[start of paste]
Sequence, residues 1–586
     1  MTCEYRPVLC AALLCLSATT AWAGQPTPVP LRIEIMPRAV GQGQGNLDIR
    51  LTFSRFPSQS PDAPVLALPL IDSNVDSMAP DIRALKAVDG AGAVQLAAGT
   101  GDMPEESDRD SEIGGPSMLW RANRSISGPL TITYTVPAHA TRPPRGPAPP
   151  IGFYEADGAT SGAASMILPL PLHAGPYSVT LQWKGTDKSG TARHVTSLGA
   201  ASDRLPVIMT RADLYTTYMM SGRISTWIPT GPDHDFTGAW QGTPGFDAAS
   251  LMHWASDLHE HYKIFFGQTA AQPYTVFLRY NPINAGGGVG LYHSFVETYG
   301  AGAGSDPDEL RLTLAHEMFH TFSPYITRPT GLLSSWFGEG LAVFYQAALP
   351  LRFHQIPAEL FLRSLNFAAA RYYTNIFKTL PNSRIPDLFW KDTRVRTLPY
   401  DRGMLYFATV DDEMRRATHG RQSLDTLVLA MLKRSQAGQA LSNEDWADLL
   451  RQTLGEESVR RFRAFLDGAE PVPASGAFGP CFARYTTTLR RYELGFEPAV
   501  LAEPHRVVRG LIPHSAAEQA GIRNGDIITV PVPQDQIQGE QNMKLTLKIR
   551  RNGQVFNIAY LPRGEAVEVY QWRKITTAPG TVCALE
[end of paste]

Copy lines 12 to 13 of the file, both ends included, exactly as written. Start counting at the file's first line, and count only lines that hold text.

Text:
   501  LAEPHRVVRG LIPHSAAEQA GIRNGDIITV PVPQDQIQGE QNMKLTLKIR
   551  RNGQVFNIAY LPRGEAVEVY QWRKITTAPG TVCALE